Day two of the Capital Pointe appeal is underway. The hearing began with the cross examination of the developer's expert witness by the city.

Kai-Sing Hui and his firm are currently on retainer as engineer of record for Westgate Developments Ld., who is the developer of the Capital Pointe project.

Christine Clifford, the lawyer for the City of Regina questioned Hui about the stability of the site, including some movement recorded in the northeast corner of the lot.

Clifford also asked if water in the excavation contravenes the Building Code of Canada. Hui responded by saying that portion of the code is only relevant if workers are on site. He said it isn’t practical to remove the water from the site when there are no workers present.

Back in April, the city ordered the developer to fill the hole, after communication from the previous engineer of record indicated that the temporary shoring of the excavation was no longer safe, and the site should be decommissioned.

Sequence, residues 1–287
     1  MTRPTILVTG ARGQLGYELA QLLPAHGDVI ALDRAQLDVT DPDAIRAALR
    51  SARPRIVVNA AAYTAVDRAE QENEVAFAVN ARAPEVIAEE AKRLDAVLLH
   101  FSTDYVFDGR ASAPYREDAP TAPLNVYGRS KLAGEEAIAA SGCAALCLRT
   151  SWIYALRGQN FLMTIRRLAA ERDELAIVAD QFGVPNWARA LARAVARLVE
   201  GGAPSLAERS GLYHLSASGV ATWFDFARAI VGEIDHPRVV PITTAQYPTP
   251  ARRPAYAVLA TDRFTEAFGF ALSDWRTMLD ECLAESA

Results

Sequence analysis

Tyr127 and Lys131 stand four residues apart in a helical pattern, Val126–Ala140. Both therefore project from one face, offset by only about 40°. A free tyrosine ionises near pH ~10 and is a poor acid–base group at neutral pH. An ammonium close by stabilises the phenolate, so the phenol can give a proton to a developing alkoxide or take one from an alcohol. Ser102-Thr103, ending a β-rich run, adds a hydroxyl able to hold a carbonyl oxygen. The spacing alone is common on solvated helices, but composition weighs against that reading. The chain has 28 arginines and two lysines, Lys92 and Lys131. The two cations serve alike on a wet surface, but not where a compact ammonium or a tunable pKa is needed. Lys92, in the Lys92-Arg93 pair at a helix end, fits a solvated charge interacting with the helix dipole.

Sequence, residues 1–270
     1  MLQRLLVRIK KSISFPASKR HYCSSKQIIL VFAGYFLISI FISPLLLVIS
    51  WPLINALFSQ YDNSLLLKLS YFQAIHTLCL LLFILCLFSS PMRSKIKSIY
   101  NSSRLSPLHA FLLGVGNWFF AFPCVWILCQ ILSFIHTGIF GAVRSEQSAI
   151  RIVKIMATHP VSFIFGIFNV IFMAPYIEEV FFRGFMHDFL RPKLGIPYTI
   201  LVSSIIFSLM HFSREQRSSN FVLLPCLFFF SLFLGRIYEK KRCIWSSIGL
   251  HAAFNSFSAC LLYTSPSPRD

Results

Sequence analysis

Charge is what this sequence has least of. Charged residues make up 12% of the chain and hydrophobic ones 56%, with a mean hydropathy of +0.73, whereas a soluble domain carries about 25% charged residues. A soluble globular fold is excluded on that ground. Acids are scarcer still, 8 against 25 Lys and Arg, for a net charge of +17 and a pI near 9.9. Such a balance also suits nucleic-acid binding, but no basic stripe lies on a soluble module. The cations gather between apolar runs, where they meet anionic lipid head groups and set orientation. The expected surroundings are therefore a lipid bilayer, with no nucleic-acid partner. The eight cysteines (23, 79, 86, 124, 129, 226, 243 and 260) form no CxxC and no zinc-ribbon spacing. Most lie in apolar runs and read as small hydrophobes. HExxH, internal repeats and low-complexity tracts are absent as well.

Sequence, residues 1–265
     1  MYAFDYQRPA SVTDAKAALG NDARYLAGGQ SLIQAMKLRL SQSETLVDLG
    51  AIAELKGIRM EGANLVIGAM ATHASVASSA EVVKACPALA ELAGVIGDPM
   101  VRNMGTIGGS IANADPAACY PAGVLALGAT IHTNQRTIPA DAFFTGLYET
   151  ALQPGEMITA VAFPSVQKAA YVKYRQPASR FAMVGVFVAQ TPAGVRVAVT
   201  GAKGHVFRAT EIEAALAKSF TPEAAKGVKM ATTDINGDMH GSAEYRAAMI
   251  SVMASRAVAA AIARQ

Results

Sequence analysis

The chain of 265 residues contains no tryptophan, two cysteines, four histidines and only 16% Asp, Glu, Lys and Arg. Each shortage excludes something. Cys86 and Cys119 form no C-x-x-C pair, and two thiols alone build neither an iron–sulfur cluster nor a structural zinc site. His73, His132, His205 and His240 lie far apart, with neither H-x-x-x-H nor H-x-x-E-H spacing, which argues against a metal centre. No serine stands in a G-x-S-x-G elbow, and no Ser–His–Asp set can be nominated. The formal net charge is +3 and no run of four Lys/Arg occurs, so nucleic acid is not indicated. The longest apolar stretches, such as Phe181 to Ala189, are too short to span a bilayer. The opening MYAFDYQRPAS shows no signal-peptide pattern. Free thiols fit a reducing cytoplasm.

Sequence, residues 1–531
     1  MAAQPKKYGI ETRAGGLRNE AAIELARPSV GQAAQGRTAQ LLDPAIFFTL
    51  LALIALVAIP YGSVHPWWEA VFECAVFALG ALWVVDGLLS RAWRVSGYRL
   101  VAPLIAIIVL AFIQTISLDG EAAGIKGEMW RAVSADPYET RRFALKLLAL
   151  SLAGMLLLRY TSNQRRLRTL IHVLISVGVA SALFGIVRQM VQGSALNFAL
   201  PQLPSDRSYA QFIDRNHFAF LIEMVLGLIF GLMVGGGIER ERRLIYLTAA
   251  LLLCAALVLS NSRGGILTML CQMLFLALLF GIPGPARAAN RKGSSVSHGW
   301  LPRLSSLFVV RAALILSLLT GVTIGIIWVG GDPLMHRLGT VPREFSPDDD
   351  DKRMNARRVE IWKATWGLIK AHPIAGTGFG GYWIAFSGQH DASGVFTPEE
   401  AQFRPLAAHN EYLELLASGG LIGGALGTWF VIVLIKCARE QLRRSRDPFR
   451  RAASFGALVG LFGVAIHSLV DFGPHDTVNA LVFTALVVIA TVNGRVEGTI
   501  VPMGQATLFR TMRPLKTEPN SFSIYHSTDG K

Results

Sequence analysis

On Tuesday, Hui testified that the site is currently safe, and that the shoring is sufficient to last until at least December 8.

When cross examined by Clifford, he also added that it is common for an engineering firm to suggest decommissioning a site when severing ties to a project, as they could still be held liable the event of an incident.

After Hui’s cross examination wrapped up, the city called their expert witness to the stand.

Kenyon testified that the site isn’t safe, saying the northeast corner of the site has moved way more than the original design had anticipated. He testified that if that movement continued, it could impact the dry-cleaning building next door to the site.

When questioned by Clifford whether or not the decommission order prepared by the previous engineer should be considered, Kenyon said it would be “dangerous” to ignore their suggestions. He said as the designer of record, they know more about the design than anyone. He testified that they had raised concerns in November of 2017 and May of 2018 before they were removed from the project. 

CTV’s Karyn Mulcahy is at the appeal.